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Harriet Shawcross – Unspeakable / The Things We Cannot Say

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A story about silence and why words sometimes fail us.

Image of Harriet Shawcross – Unspeakable

This autobiographical story begins with Harriet Shawcross’s troubled childhood. She attends a boarding school where, unable to make friends, she finds solace in silence and becomes selectively mute. This becomes the baseline for her future. She becomes a journalist choosing to go to some of the most challenging areas in the world to continue her quest to discover people’s means of surviving difficult situations whether it be through speech or silence. The various chapters proceed to take the reader on a journey from Afghanistan to Nepal where Shawcross uses stories about other people’s lives to help to unravel her own story. As a journalist she had to come to terms with being a voyeur on people’s lives at the most tragic moments. For example, she meets the founders of the Samaritans, an organisation originally started as a helpline for people to discuss sexual problems in private, but nowadays more about talking people out of taking their own lives.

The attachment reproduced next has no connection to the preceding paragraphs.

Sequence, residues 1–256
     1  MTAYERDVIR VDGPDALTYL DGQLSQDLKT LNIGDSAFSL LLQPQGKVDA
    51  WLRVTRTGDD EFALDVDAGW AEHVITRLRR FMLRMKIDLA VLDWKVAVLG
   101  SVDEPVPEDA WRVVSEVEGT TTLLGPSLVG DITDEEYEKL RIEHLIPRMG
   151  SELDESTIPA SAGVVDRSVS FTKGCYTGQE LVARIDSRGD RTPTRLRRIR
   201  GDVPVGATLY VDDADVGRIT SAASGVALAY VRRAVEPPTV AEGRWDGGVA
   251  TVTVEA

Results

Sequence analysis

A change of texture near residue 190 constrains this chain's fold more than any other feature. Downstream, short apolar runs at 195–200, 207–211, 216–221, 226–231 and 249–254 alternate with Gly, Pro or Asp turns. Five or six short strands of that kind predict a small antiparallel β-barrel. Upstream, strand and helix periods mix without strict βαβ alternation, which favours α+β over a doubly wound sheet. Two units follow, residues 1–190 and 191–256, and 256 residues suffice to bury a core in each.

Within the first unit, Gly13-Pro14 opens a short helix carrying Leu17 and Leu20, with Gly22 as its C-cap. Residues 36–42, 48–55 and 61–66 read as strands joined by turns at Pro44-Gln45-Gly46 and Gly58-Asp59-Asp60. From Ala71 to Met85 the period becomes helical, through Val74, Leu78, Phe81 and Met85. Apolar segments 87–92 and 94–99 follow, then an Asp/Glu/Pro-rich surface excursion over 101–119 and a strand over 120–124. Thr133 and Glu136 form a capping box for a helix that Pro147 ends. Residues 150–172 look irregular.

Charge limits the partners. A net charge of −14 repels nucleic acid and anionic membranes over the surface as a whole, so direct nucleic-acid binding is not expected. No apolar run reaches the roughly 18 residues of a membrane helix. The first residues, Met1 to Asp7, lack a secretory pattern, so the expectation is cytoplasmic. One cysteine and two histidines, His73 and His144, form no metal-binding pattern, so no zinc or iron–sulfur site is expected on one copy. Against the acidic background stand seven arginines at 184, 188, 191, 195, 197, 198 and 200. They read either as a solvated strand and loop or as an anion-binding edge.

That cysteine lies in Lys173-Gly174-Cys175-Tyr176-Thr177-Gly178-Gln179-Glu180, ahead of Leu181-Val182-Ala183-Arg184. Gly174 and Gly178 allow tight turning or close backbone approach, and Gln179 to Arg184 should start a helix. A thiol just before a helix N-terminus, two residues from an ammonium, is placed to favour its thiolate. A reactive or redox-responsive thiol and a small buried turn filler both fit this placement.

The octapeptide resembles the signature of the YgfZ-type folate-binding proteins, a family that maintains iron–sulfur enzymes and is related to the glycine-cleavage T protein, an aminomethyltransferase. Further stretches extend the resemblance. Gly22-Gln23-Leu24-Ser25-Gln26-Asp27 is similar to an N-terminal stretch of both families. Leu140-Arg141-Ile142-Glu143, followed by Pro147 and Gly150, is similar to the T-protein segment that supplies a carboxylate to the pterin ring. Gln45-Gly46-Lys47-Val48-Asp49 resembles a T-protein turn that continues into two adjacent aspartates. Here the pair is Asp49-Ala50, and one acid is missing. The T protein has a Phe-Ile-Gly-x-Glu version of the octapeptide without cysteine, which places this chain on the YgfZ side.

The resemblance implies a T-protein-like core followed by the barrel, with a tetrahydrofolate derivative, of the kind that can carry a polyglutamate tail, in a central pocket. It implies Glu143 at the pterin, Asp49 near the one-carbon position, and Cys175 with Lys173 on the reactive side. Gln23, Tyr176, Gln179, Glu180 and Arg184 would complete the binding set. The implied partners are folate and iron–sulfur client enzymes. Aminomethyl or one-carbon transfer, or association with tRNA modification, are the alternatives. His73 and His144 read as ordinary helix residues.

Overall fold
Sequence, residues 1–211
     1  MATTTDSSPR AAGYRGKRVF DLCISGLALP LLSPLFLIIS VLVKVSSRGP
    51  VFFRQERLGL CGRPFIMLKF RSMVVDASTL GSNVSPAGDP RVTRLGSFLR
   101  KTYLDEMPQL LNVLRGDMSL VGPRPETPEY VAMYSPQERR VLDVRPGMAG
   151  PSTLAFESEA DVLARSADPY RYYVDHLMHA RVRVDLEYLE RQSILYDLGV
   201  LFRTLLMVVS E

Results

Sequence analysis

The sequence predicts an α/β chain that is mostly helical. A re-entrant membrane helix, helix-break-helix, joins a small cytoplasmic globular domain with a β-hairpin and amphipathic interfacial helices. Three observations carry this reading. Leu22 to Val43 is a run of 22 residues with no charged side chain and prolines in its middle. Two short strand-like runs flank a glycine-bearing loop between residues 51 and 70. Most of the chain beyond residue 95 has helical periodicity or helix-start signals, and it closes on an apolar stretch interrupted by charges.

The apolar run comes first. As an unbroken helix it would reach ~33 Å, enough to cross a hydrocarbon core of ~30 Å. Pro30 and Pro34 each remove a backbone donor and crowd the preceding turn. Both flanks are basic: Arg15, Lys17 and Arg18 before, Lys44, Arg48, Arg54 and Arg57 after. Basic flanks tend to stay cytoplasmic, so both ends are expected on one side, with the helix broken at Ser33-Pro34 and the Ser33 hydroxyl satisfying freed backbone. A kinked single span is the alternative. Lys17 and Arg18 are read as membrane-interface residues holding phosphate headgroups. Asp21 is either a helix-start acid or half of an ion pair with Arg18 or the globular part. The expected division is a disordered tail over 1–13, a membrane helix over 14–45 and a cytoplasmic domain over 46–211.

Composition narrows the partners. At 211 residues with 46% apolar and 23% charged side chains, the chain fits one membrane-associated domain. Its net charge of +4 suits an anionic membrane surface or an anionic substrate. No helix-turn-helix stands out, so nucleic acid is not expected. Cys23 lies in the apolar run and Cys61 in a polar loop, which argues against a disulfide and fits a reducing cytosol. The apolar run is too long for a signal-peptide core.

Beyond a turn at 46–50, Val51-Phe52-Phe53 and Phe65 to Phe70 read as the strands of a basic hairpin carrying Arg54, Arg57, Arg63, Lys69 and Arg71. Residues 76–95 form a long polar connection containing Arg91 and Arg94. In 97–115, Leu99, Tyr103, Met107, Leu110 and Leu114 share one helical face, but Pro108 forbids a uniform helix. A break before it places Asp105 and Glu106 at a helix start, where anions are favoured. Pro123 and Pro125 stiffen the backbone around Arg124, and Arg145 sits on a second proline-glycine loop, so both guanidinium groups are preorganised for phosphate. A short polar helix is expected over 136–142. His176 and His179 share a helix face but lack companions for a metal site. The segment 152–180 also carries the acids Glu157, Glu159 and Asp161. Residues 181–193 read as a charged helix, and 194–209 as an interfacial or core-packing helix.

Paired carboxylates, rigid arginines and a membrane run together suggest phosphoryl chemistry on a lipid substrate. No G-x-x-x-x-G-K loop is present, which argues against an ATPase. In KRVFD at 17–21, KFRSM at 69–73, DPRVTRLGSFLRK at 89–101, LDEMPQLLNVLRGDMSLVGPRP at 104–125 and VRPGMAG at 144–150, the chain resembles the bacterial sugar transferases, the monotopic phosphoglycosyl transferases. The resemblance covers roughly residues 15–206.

Shawcross began to collect other people’s stories about silence and discovered not speaking can be a positive quality. Conversely, following a retreat to a Buddhist centre in Scotland she met people who actually became ill following silence. She comes to realise that meditation in the west is basically stress reduction or relaxation while in a religious context it’s about becoming enlightened and not meant to be easy. Following another visit, this time to a convent, she realised that silence only works for certain people.

Ultimately this is the story of the author coming to terms with her own sexuality and how she struggled to find the words to admit she was drawn to women which does not come across as interesting a story as those which she has investigated on her journey. However, she does write in an easy, free-flowing style in the first person to narrate her story and along the way identifies herself with George Oppen who couldn’t write for twenty five years and intertwines her story with his poetry.

In an age where words can be twisted and turned Shawcross narrates her story bravely to help us understand why words sometimes fail us and yet sometimes they are the only thing that can save us.


Shona lives in the Highlands of Scotland, loves art and fashion and looking for beauty wherever she can find it. She enjoys cycling and swimming and is a book enthusiast. She is a member of a book group and has written regularly for a number of magazines.

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